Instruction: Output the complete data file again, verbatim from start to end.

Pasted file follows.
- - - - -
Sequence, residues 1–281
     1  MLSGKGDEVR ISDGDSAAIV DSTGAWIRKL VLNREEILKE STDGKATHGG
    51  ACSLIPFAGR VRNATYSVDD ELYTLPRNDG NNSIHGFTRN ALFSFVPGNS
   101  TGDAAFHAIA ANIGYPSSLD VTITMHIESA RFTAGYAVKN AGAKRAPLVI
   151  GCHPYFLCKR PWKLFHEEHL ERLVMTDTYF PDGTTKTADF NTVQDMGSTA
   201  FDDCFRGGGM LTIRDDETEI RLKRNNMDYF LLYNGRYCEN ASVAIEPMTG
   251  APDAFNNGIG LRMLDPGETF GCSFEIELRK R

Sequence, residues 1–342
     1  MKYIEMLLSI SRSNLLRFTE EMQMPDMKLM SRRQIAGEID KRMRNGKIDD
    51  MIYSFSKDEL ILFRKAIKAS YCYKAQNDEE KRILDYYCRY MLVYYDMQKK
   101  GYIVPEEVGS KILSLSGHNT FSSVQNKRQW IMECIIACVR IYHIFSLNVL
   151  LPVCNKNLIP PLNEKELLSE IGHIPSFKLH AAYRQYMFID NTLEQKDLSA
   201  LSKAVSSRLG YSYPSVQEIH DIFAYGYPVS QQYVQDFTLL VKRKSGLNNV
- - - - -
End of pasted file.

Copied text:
Sequence, residues 1–281
     1  MLSGKGDEVR ISDGDSAAIV DSTGAWIRKL VLNREEILKE STDGKATHGG
    51  ACSLIPFAGR VRNATYSVDD ELYTLPRNDG NNSIHGFTRN ALFSFVPGNS
   101  TGDAAFHAIA ANIGYPSSLD VTITMHIESA RFTAGYAVKN AGAKRAPLVI
   151  GCHPYFLCKR PWKLFHEEHL ERLVMTDTYF PDGTTKTADF NTVQDMGSTA
   201  FDDCFRGGGM LTIRDDETEI RLKRNNMDYF LLYNGRYCEN ASVAIEPMTG
   251  APDAFNNGIG LRMLDPGETF GCSFEIELRK R

Sequence, residues 1–342
     1  MKYIEMLLSI SRSNLLRFTE EMQMPDMKLM SRRQIAGEID KRMRNGKIDD
    51  MIYSFSKDEL ILFRKAIKAS YCYKAQNDEE KRILDYYCRY MLVYYDMQKK
   101  GYIVPEEVGS KILSLSGHNT FSSVQNKRQW IMECIIACVR IYHIFSLNVL
   151  LPVCNKNLIP PLNEKELLSE IGHIPSFKLH AAYRQYMFID NTLEQKDLSA
   201  LSKAVSSRLG YSYPSVQEIH DIFAYGYPVS QQYVQDFTLL VKRKSGLNNV